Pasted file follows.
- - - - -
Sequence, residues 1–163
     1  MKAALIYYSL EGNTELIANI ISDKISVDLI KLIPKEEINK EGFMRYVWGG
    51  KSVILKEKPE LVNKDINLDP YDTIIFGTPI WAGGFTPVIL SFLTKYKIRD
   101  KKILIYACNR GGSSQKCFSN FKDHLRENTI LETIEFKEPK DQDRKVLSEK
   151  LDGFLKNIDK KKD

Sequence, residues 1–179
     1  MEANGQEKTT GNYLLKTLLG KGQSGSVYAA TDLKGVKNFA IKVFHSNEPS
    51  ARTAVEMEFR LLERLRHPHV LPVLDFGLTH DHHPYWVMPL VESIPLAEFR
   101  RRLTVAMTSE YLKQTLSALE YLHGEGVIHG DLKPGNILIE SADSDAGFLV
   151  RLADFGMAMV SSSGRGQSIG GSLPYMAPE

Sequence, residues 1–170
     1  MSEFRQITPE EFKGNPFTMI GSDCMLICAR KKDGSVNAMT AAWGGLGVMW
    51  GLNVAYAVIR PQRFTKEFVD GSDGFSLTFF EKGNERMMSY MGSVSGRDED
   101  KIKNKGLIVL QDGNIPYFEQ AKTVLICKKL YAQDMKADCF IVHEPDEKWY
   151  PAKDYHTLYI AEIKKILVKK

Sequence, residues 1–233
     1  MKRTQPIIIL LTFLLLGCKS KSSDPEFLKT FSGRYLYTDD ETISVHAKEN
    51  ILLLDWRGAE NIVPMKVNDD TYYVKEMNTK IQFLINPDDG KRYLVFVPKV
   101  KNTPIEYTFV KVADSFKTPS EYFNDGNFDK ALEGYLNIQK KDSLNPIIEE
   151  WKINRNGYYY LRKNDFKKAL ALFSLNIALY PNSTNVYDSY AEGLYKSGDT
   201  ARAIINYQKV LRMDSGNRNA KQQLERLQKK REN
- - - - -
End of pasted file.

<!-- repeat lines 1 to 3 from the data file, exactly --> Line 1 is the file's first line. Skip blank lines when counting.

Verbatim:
Sequence, residues 1–163
     1  MKAALIYYSL EGNTELIANI ISDKISVDLI KLIPKEEINK EGFMRYVWGG
    51  KSVILKEKPE LVNKDINLDP YDTIIFGTPI WAGGFTPVIL SFLTKYKIRD